One day, Kamal’s mother went to search for him everywhere. After finding him scavenging she gave him a severe beating. Out of anger and frustration, she left the house with her other children and told him not to come back home anymore.
Because Kamal happened to be different, needing much time and energy, his parents gave more attention and care to the other children, a younger brother and two sisters. It was only the grand mother who patiently cared for him. Kamal had lost his parents’ love and affection. In fact, he was rejected almost from the time of the accident.
His name was now changed from Kamal to “Pagal” which means crazy. He was called this by his family members themselves, by the people in the neighborhood, by the community and by anyone who met and saw him. Everyone though he was a hopeless case, “good for nothing”, “crazy”… they said.
But Kamal remained to be human being with the same needs, the same rights, the same dignity, the same yearning for respect, love affection and acceptance as anyone else. He had become handicapped through no fault of his own.
On day I asked his parents to bring Kamal each day for an hour or two to our house so that we could bathe him, put on cloths and remove the chains from his feet. The following day his uncle brought Kamal, with high hopes and expectation for a miracle to happen – for Kamal to be well again! What a difference and joy to see Kamal looking like a person! He looked clean and held on to his uncle’s hand, having a twig in his other hand.
It seemed he preferred to carry a twig rather than to wear clothes or even at times to eat. Later I tried to substitute toys for the twig but eventually he would reach for the twig. It looked as if he wanted to identify himself with special objects and in these objects he found some dense of security.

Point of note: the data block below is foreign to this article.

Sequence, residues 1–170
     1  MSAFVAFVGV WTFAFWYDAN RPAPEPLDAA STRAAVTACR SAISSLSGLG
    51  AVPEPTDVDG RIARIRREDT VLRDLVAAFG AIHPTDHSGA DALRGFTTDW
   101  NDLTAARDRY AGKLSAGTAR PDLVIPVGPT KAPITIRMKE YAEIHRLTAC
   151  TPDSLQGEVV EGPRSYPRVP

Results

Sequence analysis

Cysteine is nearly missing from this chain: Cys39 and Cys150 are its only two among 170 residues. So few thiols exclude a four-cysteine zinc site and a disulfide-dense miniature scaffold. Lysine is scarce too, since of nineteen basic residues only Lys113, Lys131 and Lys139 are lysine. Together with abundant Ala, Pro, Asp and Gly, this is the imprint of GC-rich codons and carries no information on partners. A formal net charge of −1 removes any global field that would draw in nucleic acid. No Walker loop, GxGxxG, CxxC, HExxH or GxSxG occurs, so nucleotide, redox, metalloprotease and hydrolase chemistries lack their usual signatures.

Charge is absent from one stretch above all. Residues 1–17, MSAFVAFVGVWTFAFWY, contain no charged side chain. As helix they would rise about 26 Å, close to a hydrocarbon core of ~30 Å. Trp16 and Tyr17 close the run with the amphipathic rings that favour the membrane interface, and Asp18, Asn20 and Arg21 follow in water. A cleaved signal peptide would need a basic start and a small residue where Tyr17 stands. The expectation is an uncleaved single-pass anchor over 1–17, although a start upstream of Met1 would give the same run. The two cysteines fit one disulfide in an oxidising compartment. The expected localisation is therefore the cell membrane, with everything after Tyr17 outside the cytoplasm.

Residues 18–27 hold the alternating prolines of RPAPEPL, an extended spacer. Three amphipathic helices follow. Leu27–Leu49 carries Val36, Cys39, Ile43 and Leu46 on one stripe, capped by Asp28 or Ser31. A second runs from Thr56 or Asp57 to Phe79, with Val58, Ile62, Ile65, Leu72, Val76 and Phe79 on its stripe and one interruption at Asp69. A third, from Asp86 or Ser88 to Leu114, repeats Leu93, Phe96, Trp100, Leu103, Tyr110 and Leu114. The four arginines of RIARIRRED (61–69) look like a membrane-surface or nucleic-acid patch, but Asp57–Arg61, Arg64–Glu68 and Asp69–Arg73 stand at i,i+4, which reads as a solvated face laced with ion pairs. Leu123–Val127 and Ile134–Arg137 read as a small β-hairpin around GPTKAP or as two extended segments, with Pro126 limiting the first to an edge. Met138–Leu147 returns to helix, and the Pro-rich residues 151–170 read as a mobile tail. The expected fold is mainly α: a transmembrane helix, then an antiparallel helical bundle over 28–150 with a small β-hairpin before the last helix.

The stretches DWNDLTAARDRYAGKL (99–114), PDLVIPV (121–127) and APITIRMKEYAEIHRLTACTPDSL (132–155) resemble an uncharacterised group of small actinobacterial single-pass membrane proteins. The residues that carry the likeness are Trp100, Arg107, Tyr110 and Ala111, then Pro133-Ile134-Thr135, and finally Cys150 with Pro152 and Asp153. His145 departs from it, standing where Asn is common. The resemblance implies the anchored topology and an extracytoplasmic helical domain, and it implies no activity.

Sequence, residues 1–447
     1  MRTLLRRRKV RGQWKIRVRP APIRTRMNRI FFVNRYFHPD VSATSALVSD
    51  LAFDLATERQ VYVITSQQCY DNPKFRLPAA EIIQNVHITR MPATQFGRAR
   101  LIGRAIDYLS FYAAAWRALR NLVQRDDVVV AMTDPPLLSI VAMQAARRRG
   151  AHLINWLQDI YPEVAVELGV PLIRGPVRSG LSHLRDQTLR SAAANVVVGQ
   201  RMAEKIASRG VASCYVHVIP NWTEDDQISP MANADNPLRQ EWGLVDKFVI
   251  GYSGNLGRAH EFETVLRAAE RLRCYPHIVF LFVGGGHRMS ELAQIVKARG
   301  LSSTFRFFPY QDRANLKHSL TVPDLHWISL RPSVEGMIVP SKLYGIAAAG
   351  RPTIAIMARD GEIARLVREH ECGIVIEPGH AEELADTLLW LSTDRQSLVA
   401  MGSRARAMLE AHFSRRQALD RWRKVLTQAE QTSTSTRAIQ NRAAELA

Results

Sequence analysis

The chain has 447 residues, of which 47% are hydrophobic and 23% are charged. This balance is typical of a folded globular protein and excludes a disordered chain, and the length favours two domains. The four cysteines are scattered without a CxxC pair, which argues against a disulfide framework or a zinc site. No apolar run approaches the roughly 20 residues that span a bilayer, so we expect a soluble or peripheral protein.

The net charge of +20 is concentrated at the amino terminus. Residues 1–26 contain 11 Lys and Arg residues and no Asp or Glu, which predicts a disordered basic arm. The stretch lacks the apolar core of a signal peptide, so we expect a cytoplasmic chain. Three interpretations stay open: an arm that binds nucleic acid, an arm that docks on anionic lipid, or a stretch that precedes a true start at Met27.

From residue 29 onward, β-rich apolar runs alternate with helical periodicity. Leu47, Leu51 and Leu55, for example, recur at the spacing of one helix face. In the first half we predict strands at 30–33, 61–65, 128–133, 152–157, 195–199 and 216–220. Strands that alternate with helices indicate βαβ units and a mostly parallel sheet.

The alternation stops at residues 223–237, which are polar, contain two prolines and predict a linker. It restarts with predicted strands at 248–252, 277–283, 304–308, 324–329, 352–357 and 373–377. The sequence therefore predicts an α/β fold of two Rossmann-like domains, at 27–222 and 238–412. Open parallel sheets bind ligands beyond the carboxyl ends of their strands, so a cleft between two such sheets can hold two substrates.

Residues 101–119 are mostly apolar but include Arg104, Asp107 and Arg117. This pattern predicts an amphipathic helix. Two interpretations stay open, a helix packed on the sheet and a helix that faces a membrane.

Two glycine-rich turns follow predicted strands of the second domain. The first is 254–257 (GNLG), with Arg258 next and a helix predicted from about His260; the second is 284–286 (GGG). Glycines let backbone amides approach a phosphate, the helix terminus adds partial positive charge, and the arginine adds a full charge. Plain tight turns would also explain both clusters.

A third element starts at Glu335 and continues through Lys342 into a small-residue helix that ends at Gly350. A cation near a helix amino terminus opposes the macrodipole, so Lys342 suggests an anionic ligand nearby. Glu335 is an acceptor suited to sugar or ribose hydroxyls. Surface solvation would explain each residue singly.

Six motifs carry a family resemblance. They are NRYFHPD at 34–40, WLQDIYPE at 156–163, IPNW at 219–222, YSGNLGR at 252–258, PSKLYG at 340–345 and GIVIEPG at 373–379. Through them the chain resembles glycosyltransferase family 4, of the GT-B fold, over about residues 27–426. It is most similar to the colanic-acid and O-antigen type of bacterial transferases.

In 1981, I began the first educational unit in the care of persons with a mental handicapped. Kamal became my first student. He was about four years old then.
I was using my own small bedroom as my classroom. Kamal got used to my room and to our compound so much that every time he had escape from home, it was here he took refuge.
One time he appeared naked, dirty, covered with mud, and had uprooted flower plant in his hand. Seeing him, immediately wanted to wash and bathe him, but he strongly refused, screaming frightened of the water.
The next day Kamal came again - dirty, naked, feet chained and with the bunchful of uprooted flower plants and twig. I noticed him staring at a drum full of water. He seemed to be fascinated by his own image in the water. Slowly I opened the faucet. With eyes full of wonder, he looked intently as the water flowed from the tap to the drum. Holding his hand in mine, I made him try to open and closed the faucet which later on he enjoyed doing. Slowly I poured the water on his feet and body and finally bath him without difficulty.
Early the following morning Kamal escaped from home and came again. I saw him enjoying his bath under the tap inside the bathroom. I helped him to bathe and after some time I closed the faucet. But he cried and creamed inside my room and became so angry that he urinated and defecated in my room. Together with him we had to clean my room with water. That was the initial step in the taming training of Kamal